Reducing the Cost of Engineering/IT

The market crash is ripping through our economy, encouraging all of us to become better than we were. For software engineering/IT, times like these pose some special challenges. Software engineering is a mostly human endeavor, but not a situation where one person equals one output – reducing staff does not reduce the cost by an equivalent amount.

This is because engineering is a team effort that requires the right combination of team collaboration, skills, tools, training and techniques. Reducing staff often causes a much greater reduction in productivity.

In that case, is a downturn the right time to make sweeping changes in engineering? Reducing personnel without restructuring how the department operates can leave the company open to significant losses – so there may not be a better time. A market downturn brings change, no matter what. Why not use this time of change to create a more effective program; more flexible, more productive? And what is the right direction to take during an economic downturn? The answer is to simplify.

Develop specialist within your team As a department grows, it is very typical for the operating structure to become chaotic, and engineering/IT is no exception. It is not unusual to assign one engineer to solve a problem, with the expectation
that that same engineer will function as analyst, coder and tester. And it is not surprising to see that engineer become the only person in the company who can work on that specific application or module.

This dedication of resources can paralyze a department. In a downturn, it is common to re-assess the skills and talents of each person in the department. Therefore, this is a good time to stop expecting everyone to do everything well.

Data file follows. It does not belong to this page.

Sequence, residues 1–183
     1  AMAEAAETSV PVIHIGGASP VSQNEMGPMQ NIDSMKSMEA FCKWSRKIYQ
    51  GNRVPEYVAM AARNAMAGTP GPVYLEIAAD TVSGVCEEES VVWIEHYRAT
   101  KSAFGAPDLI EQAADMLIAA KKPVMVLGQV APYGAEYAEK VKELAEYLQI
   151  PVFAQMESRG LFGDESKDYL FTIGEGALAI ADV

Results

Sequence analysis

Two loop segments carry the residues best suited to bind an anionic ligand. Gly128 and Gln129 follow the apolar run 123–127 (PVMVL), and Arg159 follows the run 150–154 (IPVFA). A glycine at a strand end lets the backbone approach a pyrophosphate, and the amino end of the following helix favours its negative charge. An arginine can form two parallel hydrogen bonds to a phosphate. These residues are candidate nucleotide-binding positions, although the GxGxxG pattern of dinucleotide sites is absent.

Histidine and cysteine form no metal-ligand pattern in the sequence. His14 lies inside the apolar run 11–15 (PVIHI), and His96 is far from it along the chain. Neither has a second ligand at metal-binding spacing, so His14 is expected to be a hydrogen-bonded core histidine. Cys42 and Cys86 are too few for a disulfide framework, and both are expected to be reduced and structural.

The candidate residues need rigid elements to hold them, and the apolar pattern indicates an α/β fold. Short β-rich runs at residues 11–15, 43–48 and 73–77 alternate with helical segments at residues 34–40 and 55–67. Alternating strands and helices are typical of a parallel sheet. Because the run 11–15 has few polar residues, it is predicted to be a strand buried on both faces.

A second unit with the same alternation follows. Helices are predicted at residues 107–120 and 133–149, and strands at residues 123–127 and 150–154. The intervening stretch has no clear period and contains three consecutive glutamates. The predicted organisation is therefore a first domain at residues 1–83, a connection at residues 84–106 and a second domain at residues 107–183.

“I was once told by one of my colleaque that only one person in our department of 80 engineers could make a change to a shipping module, and that it would take 6 weeks to make the requested change.”

When it comes time to reduce staff, and that one person who knows that code is laid-off, the company is exposed to risks that it should not be exposed to. Solution: Simplify the operating structure of the department by focusing on role specialization. Consider how a consulting company that specializes in delivering software development projects must be
structured to be successful.

Consultancies deliver many projects in many different situations. To deliver well, maintain happy customers and a competitive cost structure, they must optimize their software
development lifecycle (SDLC) processes.

An important component of that optimization effort is to focus personnel into the repetitive
components of the SDLC. No matter what methodology used, every software project
includes some level of analysis, architecture & design, construction,testing, and project management. Focusing engineering personnel at these roles gives the team the flexibility needed to grow or contract as the needs of the business change.

For example, if the business decides to take on a new project that is ill defined and in a state of flux, additional analyst can be assigned. During a downturn, the minimum department size and configuration can be much betterdetermined, if based on the amount of output required. With a department structured by roles, the minimal department size can be determined by comparing the requirements (projects/products to support)
against the required numbers within each role.

The holy grail appears when the only person who “knows that code” is replaced by a team of engineers who can work on any code in the library.
“It is my experience that team personnel tend to group themselves into the various project roles (analyst, architect, coder, tester) whether or not there is formal recognition. People are happiest doing the things they do best. Specialization can allow a person to focus on that role and really excel.

In contrast, the generalist tends to be brought down to the role he does least well.”